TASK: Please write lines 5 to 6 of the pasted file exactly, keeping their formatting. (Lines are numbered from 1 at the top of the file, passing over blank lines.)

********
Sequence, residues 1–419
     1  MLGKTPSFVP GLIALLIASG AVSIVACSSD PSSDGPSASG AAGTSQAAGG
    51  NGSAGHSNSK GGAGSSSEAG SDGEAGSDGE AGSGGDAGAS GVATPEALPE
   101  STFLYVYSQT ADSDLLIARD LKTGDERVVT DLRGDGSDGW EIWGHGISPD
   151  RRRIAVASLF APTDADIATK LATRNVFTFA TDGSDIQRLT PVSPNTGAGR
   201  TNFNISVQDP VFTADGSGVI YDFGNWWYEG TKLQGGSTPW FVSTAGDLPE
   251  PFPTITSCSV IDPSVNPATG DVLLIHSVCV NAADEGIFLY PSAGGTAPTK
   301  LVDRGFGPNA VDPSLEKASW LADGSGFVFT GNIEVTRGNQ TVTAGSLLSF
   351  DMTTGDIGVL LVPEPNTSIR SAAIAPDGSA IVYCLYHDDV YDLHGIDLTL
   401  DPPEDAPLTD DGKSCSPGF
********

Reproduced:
   151  RRRIAVASLF APTDADIATK LATRNVFTFA TDGSDIQRLT PVSPNTGAGR
   201  TNFNISVQDP VFTADGSGVI YDFGNWWYEG TKLQGGSTPW FVSTAGDLPE